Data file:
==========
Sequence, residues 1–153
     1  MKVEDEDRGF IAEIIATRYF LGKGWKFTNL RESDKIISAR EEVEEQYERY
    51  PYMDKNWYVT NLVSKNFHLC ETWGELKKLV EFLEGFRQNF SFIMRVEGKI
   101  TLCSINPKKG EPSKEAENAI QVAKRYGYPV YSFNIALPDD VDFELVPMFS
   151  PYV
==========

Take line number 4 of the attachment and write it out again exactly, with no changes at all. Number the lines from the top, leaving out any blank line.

   101  TLCSINPKKG EPSKEAENAI QVAKRYGYPV YSFNIALPDD VDFELVPMFS